A border guard was killed in a cross-boundary fire exchange with militants in Yemen this week, the state-run Saudi Press Agency reported Thursday — marking Saudi Arabia’s first publicly known military death since it launched airstrikes against rebels inside its southern neighbor.
The clash occurred Wednesday night at the border in southwestern Saudi Arabia’s Asir region, when militants in a mountainous area on the Yemeni side fired on Saudi border troops, prompting them to return fire, SPA reported.
Besides the slain border guard — identified as Cpl. Salman Ali Yahya al-Maliki — 10 others suffered injuries that were not life-threatening, the Saudi media outlet said.
On Thursday, Houthi rebels seized the presidential palace in the southern Yemeni port city of Aden, a neutral security official and two Houthi commanders in Aden told CNN.
The palace had been where President Abdu Rabu Mansour Hadi, who fled the country last month, had stayed for a period of time after Houthis secured control of the capital, Sanaa, in January.
According to the security official, Houthis now control most large districts in Aden amid ongoing clashes.
Yemeni special forces, considered pro-Houthi and loyal to former President Ali Abdullah Saleh, arrived in Aden on Thursday in an attempt “to secure the city,” a Saudi official with knowledge of the situation told CNN.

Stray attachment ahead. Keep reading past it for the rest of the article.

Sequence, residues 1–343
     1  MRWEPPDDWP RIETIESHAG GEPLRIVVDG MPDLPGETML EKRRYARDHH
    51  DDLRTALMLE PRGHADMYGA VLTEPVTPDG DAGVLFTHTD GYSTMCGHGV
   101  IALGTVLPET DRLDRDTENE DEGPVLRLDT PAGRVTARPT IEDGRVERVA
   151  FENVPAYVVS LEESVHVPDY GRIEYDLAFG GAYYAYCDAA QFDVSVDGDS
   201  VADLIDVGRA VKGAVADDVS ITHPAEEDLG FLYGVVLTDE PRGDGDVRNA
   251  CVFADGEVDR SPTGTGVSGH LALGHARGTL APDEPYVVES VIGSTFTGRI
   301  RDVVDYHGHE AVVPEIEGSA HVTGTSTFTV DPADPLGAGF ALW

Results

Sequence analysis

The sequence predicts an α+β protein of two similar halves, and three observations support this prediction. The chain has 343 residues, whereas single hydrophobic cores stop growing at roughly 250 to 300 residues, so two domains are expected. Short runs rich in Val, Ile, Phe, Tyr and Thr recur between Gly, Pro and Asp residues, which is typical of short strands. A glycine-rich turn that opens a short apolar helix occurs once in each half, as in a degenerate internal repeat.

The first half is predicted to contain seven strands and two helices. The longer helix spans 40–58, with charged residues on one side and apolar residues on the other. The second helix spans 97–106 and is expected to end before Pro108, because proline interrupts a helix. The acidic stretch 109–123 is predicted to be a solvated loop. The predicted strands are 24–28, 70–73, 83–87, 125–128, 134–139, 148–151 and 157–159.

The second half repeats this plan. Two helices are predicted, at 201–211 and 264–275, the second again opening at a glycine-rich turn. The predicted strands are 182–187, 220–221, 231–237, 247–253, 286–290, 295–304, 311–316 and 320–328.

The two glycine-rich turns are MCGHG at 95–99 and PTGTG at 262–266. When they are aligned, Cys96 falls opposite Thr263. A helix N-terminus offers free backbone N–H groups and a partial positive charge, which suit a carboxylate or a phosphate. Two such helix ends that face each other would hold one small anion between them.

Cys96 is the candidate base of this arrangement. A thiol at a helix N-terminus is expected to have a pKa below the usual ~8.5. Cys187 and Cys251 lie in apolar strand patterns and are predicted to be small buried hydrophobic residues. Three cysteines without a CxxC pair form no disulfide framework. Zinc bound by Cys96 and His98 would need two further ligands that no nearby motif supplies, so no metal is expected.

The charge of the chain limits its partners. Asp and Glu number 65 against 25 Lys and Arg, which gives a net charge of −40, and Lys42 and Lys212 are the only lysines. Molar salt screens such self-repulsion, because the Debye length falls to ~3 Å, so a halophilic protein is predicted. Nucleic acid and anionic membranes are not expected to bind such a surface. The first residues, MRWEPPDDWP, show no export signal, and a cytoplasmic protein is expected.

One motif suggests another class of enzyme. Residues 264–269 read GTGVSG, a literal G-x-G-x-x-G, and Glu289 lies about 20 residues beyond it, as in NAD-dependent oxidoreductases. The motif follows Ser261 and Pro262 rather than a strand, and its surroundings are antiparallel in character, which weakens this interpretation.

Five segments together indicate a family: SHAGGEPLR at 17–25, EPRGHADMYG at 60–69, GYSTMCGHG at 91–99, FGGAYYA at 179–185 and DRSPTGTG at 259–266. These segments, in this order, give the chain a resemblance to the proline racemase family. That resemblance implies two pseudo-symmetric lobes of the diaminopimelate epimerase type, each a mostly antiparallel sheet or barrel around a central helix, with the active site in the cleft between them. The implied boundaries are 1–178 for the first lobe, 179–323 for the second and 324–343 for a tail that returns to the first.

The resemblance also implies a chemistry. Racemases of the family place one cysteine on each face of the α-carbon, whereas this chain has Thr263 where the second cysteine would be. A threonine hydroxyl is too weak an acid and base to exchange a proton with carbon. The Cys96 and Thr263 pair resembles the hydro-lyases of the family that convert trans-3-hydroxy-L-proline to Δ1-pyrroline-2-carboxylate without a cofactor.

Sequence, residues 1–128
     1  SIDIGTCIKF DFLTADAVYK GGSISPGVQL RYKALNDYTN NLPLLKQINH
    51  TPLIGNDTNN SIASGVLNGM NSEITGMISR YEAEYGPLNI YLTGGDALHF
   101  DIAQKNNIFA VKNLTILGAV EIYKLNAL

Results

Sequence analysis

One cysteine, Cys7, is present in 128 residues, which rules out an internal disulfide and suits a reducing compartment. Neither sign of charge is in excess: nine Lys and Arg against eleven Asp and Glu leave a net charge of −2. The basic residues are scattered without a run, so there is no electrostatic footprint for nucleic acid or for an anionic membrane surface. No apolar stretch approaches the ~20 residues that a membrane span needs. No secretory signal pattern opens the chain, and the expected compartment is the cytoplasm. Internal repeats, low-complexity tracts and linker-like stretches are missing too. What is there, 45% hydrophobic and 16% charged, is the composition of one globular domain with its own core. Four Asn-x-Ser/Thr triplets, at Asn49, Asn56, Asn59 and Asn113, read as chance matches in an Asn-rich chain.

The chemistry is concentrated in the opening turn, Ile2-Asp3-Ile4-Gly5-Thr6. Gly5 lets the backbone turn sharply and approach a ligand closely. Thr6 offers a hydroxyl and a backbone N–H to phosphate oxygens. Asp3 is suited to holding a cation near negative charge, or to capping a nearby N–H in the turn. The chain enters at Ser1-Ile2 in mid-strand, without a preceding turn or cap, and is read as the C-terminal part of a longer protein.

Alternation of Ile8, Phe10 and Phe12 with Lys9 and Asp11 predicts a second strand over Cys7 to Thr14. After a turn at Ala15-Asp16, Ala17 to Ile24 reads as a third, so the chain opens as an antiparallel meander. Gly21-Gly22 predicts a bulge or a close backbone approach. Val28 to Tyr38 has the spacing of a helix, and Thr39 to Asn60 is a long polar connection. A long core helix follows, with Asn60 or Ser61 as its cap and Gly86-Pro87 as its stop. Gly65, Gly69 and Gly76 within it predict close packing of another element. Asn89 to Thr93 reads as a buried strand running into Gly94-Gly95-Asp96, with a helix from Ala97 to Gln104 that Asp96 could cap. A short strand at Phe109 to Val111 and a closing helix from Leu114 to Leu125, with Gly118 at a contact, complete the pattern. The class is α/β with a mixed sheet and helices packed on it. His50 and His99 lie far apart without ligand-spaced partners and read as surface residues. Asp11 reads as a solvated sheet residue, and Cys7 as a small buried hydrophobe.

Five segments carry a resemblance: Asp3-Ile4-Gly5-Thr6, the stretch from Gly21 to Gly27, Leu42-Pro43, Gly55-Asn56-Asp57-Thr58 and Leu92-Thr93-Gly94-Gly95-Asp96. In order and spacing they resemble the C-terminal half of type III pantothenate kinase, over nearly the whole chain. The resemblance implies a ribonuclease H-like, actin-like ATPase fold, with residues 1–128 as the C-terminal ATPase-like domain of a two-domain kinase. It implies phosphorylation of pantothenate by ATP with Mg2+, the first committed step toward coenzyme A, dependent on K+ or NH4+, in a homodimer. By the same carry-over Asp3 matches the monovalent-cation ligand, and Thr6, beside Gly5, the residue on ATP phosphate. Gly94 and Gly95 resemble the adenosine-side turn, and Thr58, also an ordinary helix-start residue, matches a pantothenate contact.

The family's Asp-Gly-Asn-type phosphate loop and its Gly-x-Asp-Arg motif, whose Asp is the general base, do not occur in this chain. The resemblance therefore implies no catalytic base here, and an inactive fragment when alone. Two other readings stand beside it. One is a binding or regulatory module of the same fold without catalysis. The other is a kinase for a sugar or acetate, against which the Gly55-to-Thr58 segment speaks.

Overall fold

“I can now confirm that it is not Saudi special forces who have landed but Yemeni special forces loyal to Saleh who landed by small boat. They are few in number and have made their way to the old parliament building,” the intelligence official said.
U.S. Navy warships, meanwhile, were patrolling off Yemen in search of suspicious shipping in the region, in particular any weapons shipments from Iran to the Houthi rebels they are supporting in Yemen, a U.S. defense official told CNN.
The Navy on Wednesday came across a Panamanian-registered cargo ship that had left an Iranian port, the official said. Based on the route of the ship from Iran to Yemen, the Navy declared it a “vessel of interest” and requested permission from the captain to search it.
The ship was found to be carrying cement and construction materials, the official said. It was sent on its way.
The offshore area has been a route for weapons smuggling into Yemen, as well as Sudan and Gaza, so the Navy has maintained a regular surveillance presence there. The official said that increased fighting in the last several days in southern Yemen has resulted in other ships trying to dock to help civilians leave the country.
Marie Claire Feghali, an International Committee of the Red Cross spokeswoman in Sanaa, described events in Aden as “extremely fluid and very, very complicated.”
“Hospitals are still struggling, running out of supplies. So are we,” she said. “We cannot move much in Aden due to the intense fighting and chaos.”
A hospital near heavy fighting was forced to shut down.